State Supreme Court halts budget cut order

Published 12:00 am Friday, April 13, 2001

Staff Writer

Once again, the Alabama Supreme Court has delayed the governor’s Feb. 2 order of a 6.2 proration for education.

On Wednesday, the state’s highest court voted 8-0 to delay the ruling of Montgomery Circuit Judge Tracey McCooey in a dispute of planned cuts for the Education Trust Fund.

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On March 14, the Alabama Supreme Court refused to order Gov. Don Siegelman to apply state budget cuts equally to K-12 and higher education. In that 8-0 decision, the justices denied the request for a clarification of their Feb. 27 order.

"It’s not unexpected," said Susan Salter, director of public relations for the Alabama Association of School Boards, which initiated a law suit to stop proration.

"Our plan is to go forward with the appeal," she said, adding the AASB will ask for that decision to be expidited.

"We’re confident in our case and argument," Salter said. "The stay doesn’t change our strategy."

In response to the governor’s declaration of proration, the AASB, Pike County Board of Education and the Mobile County Board of Education, filed a suit, asking McCooey to stop proration.

She ruled state funding for some areas of K-12 funding, including salaries, cannot be cut, which would have shifted the burden onto the state’s colleges and universities.

Salter said everyone is ready to have the proration issue resolved.

"The longer we wait, the harder the outcome," she said of dealing with cuts down the road.

It is still uncertain how the Supreme Court’s ruling will affect the governor’s plans to cut $266 million from the state’s $4.3 billion education budget.

Thus far, no reduced checks have been released by the state; however, officials have said cuts will be noticed Friday when a portion of the March allocations to K-12 are released.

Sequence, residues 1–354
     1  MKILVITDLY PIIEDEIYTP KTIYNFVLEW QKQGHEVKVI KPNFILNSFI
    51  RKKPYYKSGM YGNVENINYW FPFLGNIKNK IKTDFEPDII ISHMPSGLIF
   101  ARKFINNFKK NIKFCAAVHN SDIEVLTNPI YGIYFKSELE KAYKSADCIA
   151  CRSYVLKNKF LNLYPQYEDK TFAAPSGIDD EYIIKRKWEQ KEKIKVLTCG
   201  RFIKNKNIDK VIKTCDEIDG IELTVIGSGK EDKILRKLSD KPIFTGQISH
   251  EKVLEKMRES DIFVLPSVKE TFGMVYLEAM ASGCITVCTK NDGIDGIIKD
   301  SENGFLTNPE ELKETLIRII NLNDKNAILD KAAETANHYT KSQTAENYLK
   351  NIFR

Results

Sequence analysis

At the end of March, the state released 80 percent of funding to K-12 and institutions of higher learning were supposed to receive checks earlier this week. As far as the April checks are concerned, no one is certain what they will state, Salter said.

Siegelman is sticking to an attorney general’s opinion that cuts K-12 schools by 3.5 percent and higher education by 12 percent. If that is what happens, it will be the first time cuts have not been applied equally. The advisory opinion by Attorney General Bill Pryor was an interpretation of a 1995 law about protections provided to teacher’s salaries.

Salter said the governor has voiced his plan to help K-12 and hopes he will "follow through on his pledge to prorate based on the AG opinion."

As a result of the governor’s plan to decrease the rate of proration for K-12 and increase it for higher education, presidents of colleges and universities have been fighting for fairness.

During the month of February, K-12 and higher education leaders converged on Montgomery as lawmakers met for an unsuccessful 12-day special legislative session on the budget cuts caused by the 6.2 percent across-the-board cuts declared by Gov. Don Siegelman. That session ended with no solution.

Key was out of town and unavailable for comment.